In 2019, Switzerland-based Flyability had a mystery to solve at the Chernobyl Nuclear Power Plant. Was nuclear waste still present in one of the plant’s decommissioned reactors?
“At the time of the disaster, the fifth block of the Chernobyl Plant was under construction and nearing completion,” a Flyability spokesperson said. “Given the rush to leave, there was no record of whether the holding pools in Reactor Five had ever received the depleted uranium fuel bars for which they had been made.”
Fast forward 33 years – Chernobyl’s decommissioning team needed to know whether any nuclear waste remained in the reactor. Like a flying Sherlock Holmes, Flyability drones took the case.
A First for Drone Inspection
Flyability makes a drone platform for mostly indoor use, flying missions too difficult or dangerous for people. Dashing into the heart of one of the world’s greatest nuclear disasters certainly qualifies as both.
The Elios 2 is commonly used for inspections at nuclear power plants. Company officials say the missions improve safety and significantly reduce the amount of time the plant is shut down for inspection and maintenance. However, this was the first time a Flyability drone flew a mission as part of a plant decommissioning.
A Stressful Drone Flight
“The Chernobyl mission was stressful, because the wall we had to fly over was more than 230 feet high, so there was no way we could get the drone back if the signal was lost,” says Charles Rey, the Training Manager at Flyability and one of the mission’s leaders. “But the mission was a great success, and the people in charge at Chernobyl were very happy with the video and images we were able to collect inside Reactor Five.”
The Chernobyl decommissioning team had little experience with using drones to collect visual data remotely. The Elios 2 presented a unique tool for the work, since it sits inside a protective cage, allowing it to enter confined indoor spaces in order to collect visual data for inspection purposes.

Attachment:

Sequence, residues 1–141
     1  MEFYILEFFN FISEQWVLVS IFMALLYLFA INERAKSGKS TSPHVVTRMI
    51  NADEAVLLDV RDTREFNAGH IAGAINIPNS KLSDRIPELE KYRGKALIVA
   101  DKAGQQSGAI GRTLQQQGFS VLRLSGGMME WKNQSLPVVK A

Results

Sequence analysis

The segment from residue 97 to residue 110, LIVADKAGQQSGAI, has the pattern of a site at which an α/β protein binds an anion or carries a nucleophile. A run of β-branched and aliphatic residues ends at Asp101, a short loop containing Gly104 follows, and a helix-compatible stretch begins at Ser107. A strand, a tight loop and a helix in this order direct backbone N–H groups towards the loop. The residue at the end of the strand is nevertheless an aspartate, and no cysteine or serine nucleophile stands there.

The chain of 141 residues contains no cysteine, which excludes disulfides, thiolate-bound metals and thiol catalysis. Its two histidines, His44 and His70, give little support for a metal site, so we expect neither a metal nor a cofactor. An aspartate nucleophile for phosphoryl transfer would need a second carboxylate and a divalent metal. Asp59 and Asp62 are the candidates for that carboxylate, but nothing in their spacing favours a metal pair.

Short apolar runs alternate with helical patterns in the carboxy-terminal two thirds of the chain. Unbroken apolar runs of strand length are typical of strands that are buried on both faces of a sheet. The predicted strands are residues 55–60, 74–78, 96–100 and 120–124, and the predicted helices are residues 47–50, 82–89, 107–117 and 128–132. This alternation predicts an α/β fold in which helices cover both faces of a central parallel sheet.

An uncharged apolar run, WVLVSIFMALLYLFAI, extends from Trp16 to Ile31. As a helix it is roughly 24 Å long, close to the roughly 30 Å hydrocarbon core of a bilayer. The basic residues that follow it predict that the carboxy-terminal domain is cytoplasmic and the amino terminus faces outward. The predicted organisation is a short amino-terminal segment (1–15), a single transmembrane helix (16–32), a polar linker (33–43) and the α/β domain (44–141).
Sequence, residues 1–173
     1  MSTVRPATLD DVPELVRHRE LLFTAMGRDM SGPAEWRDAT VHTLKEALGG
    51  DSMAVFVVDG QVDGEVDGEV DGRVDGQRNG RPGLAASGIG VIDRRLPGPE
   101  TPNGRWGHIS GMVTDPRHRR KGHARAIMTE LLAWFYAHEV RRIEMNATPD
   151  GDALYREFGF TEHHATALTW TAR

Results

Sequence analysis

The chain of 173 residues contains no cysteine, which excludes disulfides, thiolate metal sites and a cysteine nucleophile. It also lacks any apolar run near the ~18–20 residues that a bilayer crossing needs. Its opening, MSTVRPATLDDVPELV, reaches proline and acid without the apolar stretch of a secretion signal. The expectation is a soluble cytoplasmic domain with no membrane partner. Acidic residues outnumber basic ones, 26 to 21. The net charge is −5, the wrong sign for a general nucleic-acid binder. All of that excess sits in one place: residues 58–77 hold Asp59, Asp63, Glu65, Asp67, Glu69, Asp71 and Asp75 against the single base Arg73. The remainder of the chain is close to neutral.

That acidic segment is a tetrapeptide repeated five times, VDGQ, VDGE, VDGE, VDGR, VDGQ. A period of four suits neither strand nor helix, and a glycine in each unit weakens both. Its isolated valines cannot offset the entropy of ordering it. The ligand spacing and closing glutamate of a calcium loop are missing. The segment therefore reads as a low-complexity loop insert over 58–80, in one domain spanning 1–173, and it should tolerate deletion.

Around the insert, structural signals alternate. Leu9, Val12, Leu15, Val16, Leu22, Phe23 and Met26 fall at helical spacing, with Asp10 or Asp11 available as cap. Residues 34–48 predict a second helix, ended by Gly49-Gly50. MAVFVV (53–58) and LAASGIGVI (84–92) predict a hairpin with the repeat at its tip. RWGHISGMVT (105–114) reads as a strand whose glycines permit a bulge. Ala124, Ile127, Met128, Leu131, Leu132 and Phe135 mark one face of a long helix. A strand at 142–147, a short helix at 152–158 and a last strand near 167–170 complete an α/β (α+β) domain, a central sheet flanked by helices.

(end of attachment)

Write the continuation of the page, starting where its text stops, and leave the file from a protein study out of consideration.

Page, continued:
“Although the reactor is structurally sound, access to the areas within it where nuclear waste might have been stored was impossible because the entries were too high off the ground,” Rey said, adding that the drone pilots had to stand in the middle of the reactor in an 82-foot deep pit.
The verdict? Visual data from the Elios 2 drone determined the pools were empty — no nuclear waste.
“These findings were significant,” a Flyability spokesperson said. “No evidence that the holding pools were empty had ever been gathered before. Following the mission, the Chernobyl decommissioning team planned to include the visual evidence collected by the Elios 2 in a report submitted to international authorities regarding the status of the plant’s reactors.”
Jason is a longstanding contributor to DroneLife with an avid interest in all things tech. He focuses on anti-drone technologies and the public safety sector; police, fire, and search and rescue.
Beginning his career as a journalist in 1996, Jason has since written and edited thousands of engaging news articles, blog posts, press releases and online content.
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